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Minal Modha, research director at Ampere, contends that while the decline in linear TV viewing looks like a troubling trend for broadcasters, adoption of video streaming options should limit subscriber losses.

“If the linear channels can continue to adapt and provide a strong OTT offering for audiences switching from scheduled TV channels, they have an opportunity to retain them, albeit on a different medium,” Modha said in a statement.

NPD: Internet Access, Speed Impact Consumer Electronics Ownership, Including Smart 4K TVs

Internet access and speed are key to determining the amount and type of consumer electronics devices in U.S. homes, including connected 4K UHD TVs, according to new data from The NPD Group.

While household internet and speed can vary widely from state to state, or even county to county, there are a number of consumer electronics devices that have reached parity levels among connected households in rural and urban U.S. markets. Those include TVs, video game consoles, smart watches, activity trackers and tablets, according to NPD.

However, NPD found that wider gaps exist in ownership levels of devices that are more dependent on an internet connection, such as 4K UHD TVs, where a broadband connection is required for high-definition streaming, and smart home devices, where higher download speeds are needed for live video streams.

In the United States, 50% of households do not currently have a broadband connection (25Mbps per second download speed or greater). In addition, 15% of homes in the United States have no internet access, while 10% use a smartphone-only solution. Based on NPD’s findings, this lack of internet access or lack of internet speed has the biggest impact on rural markets. As a result, in rural markets ownership of 4K TVs and home automation products have trailed ownership levels reported in urban areas.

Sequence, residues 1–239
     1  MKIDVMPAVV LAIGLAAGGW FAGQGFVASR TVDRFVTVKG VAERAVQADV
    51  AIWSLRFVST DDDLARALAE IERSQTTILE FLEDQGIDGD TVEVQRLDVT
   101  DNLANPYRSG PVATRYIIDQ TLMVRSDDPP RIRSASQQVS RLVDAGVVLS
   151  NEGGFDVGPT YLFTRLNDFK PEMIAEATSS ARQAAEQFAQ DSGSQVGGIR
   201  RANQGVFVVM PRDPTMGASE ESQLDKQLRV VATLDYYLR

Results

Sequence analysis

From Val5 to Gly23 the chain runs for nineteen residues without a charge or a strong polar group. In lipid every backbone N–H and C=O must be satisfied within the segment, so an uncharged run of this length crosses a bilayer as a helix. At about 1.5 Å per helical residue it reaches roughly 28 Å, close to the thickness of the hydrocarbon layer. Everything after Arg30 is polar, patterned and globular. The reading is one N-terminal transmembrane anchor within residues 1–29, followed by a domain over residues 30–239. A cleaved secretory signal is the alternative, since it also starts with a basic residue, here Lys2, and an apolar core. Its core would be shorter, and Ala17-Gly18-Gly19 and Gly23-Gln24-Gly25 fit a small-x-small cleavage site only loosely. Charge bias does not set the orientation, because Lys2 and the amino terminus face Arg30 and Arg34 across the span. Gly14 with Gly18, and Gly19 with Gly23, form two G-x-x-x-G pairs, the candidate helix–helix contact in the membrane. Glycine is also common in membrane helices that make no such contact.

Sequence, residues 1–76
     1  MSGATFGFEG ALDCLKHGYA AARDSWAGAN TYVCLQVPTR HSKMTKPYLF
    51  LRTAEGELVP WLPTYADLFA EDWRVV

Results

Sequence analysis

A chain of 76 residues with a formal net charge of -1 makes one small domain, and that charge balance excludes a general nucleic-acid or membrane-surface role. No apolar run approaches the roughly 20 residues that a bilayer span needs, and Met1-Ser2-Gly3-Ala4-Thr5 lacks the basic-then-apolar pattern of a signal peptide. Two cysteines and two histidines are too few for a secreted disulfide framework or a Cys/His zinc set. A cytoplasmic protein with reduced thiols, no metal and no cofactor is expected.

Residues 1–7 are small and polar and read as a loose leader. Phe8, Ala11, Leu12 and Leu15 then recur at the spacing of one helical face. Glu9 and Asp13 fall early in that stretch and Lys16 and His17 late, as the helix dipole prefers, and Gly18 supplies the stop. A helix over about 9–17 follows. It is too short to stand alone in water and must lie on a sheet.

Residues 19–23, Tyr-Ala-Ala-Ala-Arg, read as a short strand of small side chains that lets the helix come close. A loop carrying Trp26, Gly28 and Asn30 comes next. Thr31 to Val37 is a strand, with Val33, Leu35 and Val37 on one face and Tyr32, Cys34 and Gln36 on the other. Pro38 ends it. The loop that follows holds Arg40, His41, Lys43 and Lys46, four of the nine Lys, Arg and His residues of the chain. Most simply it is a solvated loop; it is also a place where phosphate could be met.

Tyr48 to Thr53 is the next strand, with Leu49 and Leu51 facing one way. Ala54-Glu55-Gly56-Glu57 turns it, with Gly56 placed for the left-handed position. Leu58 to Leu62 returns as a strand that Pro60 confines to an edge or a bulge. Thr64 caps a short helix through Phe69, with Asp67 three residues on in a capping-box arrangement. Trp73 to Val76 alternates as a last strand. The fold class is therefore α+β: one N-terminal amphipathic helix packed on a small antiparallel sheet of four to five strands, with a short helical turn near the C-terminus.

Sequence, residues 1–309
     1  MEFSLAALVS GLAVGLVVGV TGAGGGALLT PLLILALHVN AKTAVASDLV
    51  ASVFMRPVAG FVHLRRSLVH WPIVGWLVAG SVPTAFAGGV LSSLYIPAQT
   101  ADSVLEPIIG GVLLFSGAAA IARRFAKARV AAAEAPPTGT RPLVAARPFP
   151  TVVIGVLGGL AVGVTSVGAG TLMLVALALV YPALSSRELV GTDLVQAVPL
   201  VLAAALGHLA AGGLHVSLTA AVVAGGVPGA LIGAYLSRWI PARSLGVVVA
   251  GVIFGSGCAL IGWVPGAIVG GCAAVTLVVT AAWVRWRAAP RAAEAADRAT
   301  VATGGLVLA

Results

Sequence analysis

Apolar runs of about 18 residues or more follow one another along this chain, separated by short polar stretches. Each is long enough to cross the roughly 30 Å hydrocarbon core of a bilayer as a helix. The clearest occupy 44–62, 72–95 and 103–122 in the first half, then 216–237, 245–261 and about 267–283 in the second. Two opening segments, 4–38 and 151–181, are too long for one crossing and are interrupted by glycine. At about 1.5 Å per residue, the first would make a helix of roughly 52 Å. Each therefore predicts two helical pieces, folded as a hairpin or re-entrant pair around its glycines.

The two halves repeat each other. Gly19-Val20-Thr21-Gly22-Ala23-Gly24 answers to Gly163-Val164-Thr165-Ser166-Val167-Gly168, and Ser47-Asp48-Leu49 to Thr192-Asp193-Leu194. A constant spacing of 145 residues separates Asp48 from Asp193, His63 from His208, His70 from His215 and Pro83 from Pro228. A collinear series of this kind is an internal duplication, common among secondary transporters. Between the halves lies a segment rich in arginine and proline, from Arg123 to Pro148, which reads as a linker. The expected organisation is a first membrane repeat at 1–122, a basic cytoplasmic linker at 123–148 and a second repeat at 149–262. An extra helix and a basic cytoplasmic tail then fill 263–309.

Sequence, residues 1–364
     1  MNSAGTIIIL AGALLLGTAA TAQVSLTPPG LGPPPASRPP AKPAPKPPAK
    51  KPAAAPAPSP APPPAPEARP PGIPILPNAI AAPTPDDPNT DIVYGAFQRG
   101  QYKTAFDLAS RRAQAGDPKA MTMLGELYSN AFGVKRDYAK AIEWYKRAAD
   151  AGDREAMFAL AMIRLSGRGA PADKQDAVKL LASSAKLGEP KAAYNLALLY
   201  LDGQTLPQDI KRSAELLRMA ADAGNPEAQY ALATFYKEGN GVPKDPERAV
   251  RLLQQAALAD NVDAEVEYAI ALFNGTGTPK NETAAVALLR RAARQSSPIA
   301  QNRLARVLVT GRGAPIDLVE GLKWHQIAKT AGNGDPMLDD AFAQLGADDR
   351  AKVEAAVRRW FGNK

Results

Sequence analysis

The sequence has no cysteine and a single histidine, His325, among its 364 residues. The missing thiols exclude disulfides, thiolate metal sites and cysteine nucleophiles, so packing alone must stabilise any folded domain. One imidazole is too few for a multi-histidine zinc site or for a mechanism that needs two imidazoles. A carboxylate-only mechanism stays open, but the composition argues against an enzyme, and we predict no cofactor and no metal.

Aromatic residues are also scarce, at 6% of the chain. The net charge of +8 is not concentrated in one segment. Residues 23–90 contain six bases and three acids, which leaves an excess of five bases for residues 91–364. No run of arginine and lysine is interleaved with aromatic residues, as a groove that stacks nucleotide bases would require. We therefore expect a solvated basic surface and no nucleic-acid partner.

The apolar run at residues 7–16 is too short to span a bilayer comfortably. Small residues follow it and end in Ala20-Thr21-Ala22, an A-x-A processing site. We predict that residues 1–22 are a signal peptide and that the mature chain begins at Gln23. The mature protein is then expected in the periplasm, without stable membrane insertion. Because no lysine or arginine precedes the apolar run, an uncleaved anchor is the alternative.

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While other factors also influence the CE ownership gap, such as income levels, one theme that is consistent across 4K TV ownership for connected households in rural and urban markets is that as home internet download speeds increase, so too do household ownership levels. The same can be said of smart home devices, such as internet security cameras that require higher download speeds.

“Consumers with slower internet speeds have less incentive to purchase 4K TVs,” Eddie Hold, president of NPD Connected Intelligence, said in a statement.

Hold said consumers with slow ISP speeds present a challenge for manufacturers that need usage data and advertising revenue to help sustain manufacturing.

“The internet is essentially the lifeblood of all consumer electronics products,” he said. “Understanding where coverage gaps exist can help explain trends and identify future opportunities.”

Parks: 92% of U.S. Internet Households Use Wi-Fi at Home

New data from Parks Associates finds that even as download speeds increase for U.S. internet households, value-added services and the quality of experience are increasingly more important factors in how subscribers evaluate their high-speed internet service.